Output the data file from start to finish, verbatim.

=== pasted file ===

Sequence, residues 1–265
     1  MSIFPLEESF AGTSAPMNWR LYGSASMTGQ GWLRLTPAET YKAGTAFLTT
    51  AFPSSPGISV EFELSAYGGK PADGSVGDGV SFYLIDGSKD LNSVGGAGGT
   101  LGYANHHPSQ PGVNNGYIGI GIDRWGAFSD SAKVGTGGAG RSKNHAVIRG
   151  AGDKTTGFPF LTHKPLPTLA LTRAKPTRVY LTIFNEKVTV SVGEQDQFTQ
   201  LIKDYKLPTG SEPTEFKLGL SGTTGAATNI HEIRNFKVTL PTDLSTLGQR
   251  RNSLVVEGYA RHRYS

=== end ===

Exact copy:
Sequence, residues 1–265
     1  MSIFPLEESF AGTSAPMNWR LYGSASMTGQ GWLRLTPAET YKAGTAFLTT
    51  AFPSSPGISV EFELSAYGGK PADGSVGDGV SFYLIDGSKD LNSVGGAGGT
   101  LGYANHHPSQ PGVNNGYIGI GIDRWGAFSD SAKVGTGGAG RSKNHAVIRG
   151  AGDKTTGFPF LTHKPLPTLA LTRAKPTRVY LTIFNEKVTV SVGEQDQFTQ
   201  LIKDYKLPTG SEPTEFKLGL SGTTGAATNI HEIRNFKVTL PTDLSTLGQR
   251  RNSLVVEGYA RHRYS